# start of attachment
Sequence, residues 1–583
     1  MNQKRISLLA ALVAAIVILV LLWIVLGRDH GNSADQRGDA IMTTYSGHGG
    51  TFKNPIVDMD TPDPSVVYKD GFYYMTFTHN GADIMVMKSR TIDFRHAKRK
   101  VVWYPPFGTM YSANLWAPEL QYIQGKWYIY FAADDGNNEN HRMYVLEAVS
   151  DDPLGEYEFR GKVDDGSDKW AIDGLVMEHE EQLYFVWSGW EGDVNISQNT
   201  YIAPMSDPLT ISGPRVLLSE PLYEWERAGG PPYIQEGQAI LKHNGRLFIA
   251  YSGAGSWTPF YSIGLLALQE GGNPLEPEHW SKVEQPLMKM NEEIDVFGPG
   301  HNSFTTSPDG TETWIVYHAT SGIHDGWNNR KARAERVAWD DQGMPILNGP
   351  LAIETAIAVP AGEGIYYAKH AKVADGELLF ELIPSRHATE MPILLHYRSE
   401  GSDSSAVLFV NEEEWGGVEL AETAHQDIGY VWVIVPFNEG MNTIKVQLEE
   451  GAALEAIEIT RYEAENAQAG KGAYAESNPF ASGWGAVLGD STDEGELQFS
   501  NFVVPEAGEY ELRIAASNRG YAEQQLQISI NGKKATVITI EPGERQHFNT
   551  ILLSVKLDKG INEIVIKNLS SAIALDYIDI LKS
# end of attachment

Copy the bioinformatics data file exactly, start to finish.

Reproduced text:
Sequence, residues 1–583
     1  MNQKRISLLA ALVAAIVILV LLWIVLGRDH GNSADQRGDA IMTTYSGHGG
    51  TFKNPIVDMD TPDPSVVYKD GFYYMTFTHN GADIMVMKSR TIDFRHAKRK
   101  VVWYPPFGTM YSANLWAPEL QYIQGKWYIY FAADDGNNEN HRMYVLEAVS
   151  DDPLGEYEFR GKVDDGSDKW AIDGLVMEHE EQLYFVWSGW EGDVNISQNT
   201  YIAPMSDPLT ISGPRVLLSE PLYEWERAGG PPYIQEGQAI LKHNGRLFIA
   251  YSGAGSWTPF YSIGLLALQE GGNPLEPEHW SKVEQPLMKM NEEIDVFGPG
   301  HNSFTTSPDG TETWIVYHAT SGIHDGWNNR KARAERVAWD DQGMPILNGP
   351  LAIETAIAVP AGEGIYYAKH AKVADGELLF ELIPSRHATE MPILLHYRSE
   401  GSDSSAVLFV NEEEWGGVEL AETAHQDIGY VWVIVPFNEG MNTIKVQLEE
   451  GAALEAIEIT RYEAENAQAG KGAYAESNPF ASGWGAVLGD STDEGELQFS
   501  NFVVPEAGEY ELRIAASNRG YAEQQLQISI NGKKATVITI EPGERQHFNT
   551  ILLSVKLDKG INEIVIKNLS SAIALDYIDI LKS